- For over a decade, all consumer loans were provided based on the APR that was calculated in a more economically meaningful way.
- However, in the 1980s the auto manufacturers found a loophole in the lending act and its administration and started to exploit it to the fullest. There was no distinct differentiation between ‘finance charges’ and ‘amount financed’ neither in the Act nor with the administrators, two terms that are required in a disclosure statement.
- The auto manufacturers bundled the price of the car and the financing charges that is usually provided by the captive finance company of the auto makers. Following this practice the auto makers found it very easy to shift the money between these two specific categories and could even eliminate the financing charge totally. This practice gave rise to the so called and confusing “zero percent APR” financing.
- The auto companies made typical offers and even offered rebates to allure more consumers. However, this rebate made on the price of the car goes for paying for the much hyped “interest free” loan.
- As it was easy for the auto makers only to do this type of bundling, credit unions and banks along with other financial institutions are left at a disadvantage since it was mandatory for them to disclose true APR rates and cannot claim ‘no interest’ costs like the auto makers.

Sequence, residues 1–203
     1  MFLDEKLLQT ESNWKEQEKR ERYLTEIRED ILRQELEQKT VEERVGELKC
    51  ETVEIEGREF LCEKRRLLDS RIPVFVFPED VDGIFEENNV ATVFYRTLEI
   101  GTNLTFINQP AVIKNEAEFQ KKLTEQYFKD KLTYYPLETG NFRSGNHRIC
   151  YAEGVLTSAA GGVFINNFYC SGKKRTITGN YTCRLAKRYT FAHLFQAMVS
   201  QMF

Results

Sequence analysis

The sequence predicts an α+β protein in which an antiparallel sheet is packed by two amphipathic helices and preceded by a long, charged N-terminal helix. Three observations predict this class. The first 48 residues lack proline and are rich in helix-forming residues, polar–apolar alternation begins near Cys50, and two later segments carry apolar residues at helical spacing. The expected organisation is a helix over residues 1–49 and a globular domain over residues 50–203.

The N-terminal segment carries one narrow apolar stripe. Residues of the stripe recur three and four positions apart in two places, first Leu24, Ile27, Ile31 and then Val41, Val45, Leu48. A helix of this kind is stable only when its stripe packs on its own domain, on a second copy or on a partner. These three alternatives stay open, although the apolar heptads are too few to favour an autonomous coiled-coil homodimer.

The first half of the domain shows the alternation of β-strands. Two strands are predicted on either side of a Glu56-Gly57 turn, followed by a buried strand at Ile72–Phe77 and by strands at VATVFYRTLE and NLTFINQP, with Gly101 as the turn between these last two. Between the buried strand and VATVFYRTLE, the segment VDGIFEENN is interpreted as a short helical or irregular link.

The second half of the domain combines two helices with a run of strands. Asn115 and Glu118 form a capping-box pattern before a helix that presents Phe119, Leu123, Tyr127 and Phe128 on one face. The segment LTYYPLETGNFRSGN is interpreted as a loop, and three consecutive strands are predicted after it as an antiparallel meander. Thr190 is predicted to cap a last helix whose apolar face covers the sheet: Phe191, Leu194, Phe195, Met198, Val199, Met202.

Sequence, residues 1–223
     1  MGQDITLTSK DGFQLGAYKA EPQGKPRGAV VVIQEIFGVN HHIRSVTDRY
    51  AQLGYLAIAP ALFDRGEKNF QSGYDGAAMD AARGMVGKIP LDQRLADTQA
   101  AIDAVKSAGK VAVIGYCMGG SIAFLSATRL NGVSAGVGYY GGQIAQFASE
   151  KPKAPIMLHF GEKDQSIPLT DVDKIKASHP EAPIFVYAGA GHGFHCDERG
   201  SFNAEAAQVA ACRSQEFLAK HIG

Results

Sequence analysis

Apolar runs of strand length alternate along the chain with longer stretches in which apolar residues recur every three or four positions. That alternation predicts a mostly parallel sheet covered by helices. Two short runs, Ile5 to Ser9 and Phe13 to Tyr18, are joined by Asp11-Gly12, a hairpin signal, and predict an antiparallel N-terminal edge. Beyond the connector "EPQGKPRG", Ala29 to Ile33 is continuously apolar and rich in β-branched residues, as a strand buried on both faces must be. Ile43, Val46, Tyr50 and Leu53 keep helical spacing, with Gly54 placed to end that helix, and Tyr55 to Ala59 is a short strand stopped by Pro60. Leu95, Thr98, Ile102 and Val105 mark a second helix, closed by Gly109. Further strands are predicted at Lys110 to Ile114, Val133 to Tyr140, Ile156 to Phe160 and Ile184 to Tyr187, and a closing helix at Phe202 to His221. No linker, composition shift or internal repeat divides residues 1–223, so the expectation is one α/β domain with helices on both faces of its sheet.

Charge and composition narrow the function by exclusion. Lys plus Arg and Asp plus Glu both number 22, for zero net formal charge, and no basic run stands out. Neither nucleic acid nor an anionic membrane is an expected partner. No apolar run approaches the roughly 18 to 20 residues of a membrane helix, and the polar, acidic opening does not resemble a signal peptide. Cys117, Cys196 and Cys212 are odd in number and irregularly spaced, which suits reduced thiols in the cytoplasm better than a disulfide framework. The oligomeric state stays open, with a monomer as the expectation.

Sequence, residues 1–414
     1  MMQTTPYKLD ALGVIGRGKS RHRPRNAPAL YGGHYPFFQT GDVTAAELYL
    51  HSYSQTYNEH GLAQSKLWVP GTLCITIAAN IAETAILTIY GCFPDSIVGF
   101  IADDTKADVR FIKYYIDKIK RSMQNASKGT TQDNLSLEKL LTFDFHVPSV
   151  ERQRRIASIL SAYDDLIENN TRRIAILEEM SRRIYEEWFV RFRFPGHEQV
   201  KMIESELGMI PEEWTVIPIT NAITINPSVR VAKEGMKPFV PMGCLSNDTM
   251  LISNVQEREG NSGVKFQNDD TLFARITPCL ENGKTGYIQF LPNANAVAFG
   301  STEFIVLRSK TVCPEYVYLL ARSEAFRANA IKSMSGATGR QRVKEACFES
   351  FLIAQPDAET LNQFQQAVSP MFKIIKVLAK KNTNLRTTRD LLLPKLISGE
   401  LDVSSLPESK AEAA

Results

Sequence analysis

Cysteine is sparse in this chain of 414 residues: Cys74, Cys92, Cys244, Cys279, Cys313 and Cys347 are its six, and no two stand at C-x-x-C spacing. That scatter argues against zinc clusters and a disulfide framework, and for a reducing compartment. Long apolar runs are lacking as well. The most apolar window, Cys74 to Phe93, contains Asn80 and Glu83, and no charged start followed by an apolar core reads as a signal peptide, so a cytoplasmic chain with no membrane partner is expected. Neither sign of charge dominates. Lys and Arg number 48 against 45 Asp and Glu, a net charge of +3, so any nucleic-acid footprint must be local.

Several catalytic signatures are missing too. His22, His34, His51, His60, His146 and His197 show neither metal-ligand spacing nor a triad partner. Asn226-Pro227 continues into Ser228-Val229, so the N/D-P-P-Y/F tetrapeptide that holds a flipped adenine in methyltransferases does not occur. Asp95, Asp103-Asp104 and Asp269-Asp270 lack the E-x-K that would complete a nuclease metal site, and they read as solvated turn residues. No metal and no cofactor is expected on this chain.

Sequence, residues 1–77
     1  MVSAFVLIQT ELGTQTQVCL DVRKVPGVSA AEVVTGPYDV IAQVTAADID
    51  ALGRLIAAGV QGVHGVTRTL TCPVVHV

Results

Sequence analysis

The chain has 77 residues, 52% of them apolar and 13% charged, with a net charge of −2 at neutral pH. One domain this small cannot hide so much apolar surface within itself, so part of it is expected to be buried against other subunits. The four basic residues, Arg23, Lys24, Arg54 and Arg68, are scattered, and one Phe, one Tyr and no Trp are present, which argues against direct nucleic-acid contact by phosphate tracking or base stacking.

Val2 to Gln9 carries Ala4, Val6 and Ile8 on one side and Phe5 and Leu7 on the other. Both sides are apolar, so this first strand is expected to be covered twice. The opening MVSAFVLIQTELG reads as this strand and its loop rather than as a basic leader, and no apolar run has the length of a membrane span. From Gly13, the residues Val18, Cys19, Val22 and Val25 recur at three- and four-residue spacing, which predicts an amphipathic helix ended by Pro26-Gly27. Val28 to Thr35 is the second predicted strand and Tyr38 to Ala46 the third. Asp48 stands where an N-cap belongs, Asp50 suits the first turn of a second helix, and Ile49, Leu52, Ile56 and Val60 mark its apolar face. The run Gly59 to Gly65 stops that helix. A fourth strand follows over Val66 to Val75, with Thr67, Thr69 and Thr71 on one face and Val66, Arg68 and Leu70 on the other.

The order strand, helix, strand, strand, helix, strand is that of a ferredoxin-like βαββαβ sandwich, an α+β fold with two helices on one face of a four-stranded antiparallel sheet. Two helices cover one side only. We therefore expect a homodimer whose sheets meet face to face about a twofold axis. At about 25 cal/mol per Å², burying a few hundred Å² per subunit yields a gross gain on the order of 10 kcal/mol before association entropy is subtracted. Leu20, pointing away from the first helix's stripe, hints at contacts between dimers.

All in all, this processcaused severe and complex finance problems for any typical consumer. This is because ‘zero percent’ financing may cost a lot lessor a lot more than any traditional financing from a non-auto manufacturing institution.
About the regulations
The regulationsare divided into a few subparts such as:
- Subpart B–This relays to the open-end credit lines or revolving credit accounts including credit card and Home Equity Lines Of Credit.
- Subpart C – This relates to the closed-end creditsuch as homeloans, motor vehicle loans and any fixed loan term and contains guidelines on disclosures, APR calculations, treatment of credit balances, advertising, right of rescission, and non-requirements.
- Subpart D – This contains rules on oral disclosures, record retention, state exemptions, effect on state laws, and rate limitations.
- Subpart E – This contains all those special guidelines for mortgage transactions such as closed-end home mortgages, reverse mortgage mortgages, high-cost mortgages, HPMLs, credit secured by a house, mortgage transfer, home equity plans and home valuation independence.
Apart from these there are several appendices that contain all necessary information such as:
- Processes for determinations of state laws
- State exemptions
- Issuance of staff interpretations
- Special kinds of credit plans
- Enforcement agencies
- Model disclosures for compliance with the Act
- Rules for computing APR in closed-end credit transactions and
- Total annual cost rates for reverse mortgage transactions.
In short, the Lending Act is a law that will provide true and ultimate protection to the consumer looking for a loan.